Roisin Steed (nee Glynn) is from Galway. She was Educated at Our Lady’s Bower Athlone, spent twelve years in England. Roisin Glynn Steed worked in the tourist board in Galway and spent twelve years in London where she worked with The Daily Telegraph newspaper selling Irish property and afterwards for the Law Society. She won a prize in Deirdre Purcell short story competition and also won many letters of the week in Sunday Independent prizes.
Nana’s Special Present
While Rose played with her dolls house on the lawn she watched all the people coming and going. Most of them brought flowers and cakes, and she even saw Mr Molloy with bottles of drink under his arm. It must be her Nana’s birthday she thought, but why was she still in bed? They were supposed to be going to buy that lovely pink dress her Grandmother had promised her, but instead Mrs. Murphy had told her to go outside to play. “Your Nana has gone to Heaven so you must be a good girl”.
Rose knew that she was lying, because when she peeped into her Grandmother’s room earlier she saw her still asleep in bed. Father Jarlath came and scooped Rose up into his arms “How’s my best girl’ he said, “Your Nana isn’t with us anymore”. Rose was shocked. She thought that priests never told lies because they were good holy men. She went inside and turned on the radio very loud so that her Grandmother would wake up, and they could go. Mrs Murphy came rushing out and turned it off. She was very cross. Everyone seemed to be sad and quiet.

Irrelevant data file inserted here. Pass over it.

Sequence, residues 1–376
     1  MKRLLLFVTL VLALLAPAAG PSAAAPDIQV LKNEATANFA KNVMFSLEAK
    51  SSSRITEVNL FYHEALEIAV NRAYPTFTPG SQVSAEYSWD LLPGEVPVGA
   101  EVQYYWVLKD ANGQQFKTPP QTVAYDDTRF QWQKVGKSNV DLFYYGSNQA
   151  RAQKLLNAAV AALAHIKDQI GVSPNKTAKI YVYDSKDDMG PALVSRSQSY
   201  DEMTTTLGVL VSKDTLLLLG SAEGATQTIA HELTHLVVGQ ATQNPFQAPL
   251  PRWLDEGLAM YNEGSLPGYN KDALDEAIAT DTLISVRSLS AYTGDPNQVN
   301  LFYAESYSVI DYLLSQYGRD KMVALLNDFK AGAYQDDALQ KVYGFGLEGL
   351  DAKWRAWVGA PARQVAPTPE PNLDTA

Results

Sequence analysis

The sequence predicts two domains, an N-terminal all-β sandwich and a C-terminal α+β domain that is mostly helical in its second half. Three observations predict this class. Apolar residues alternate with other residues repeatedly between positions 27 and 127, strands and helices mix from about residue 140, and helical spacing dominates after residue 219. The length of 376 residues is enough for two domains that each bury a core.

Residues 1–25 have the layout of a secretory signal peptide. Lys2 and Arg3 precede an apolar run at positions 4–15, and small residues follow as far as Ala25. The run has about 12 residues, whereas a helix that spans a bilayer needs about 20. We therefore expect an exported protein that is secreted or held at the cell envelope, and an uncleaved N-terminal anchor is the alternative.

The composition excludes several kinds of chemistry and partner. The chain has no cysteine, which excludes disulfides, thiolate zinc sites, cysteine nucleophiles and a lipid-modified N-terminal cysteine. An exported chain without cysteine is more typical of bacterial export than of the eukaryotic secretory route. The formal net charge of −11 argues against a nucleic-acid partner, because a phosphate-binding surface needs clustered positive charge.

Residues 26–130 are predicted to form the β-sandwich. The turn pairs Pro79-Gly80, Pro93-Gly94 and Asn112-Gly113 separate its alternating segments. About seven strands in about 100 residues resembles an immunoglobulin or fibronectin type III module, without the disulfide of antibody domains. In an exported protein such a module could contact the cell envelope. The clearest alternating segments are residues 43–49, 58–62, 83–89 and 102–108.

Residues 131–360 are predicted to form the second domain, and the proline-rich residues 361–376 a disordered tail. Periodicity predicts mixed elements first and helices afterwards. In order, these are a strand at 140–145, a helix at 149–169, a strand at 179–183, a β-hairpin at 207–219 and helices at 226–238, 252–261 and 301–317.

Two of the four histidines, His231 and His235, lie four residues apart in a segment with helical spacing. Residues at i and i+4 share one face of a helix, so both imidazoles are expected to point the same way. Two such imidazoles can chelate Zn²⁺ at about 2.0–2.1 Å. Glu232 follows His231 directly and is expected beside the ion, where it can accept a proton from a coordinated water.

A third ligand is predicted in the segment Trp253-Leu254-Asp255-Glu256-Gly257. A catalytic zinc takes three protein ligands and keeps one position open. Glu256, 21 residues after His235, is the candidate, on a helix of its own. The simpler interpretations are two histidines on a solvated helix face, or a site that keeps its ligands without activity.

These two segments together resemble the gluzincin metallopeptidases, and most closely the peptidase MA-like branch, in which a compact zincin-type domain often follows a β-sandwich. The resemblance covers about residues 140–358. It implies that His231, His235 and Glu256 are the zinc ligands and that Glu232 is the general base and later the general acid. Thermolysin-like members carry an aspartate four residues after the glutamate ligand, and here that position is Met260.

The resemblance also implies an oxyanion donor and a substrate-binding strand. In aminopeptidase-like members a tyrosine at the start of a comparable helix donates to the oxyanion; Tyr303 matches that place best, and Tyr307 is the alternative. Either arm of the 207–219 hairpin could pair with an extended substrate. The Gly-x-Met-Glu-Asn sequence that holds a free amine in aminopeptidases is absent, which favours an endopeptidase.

A big shiny black car pulled up outside the house and there was a huge box in the back. What could it be? Rose thought, Nana’s new Hoover? It must be a special present for her Grandmother’s birthday. She would ask her about it later. Meanwhile she would make a birthday card for her Nana. Rose got her crayons and copybook and sat on the wall. She knew exactly what to draw on the card. All she had to do was copy the big box. The handles were the hardest!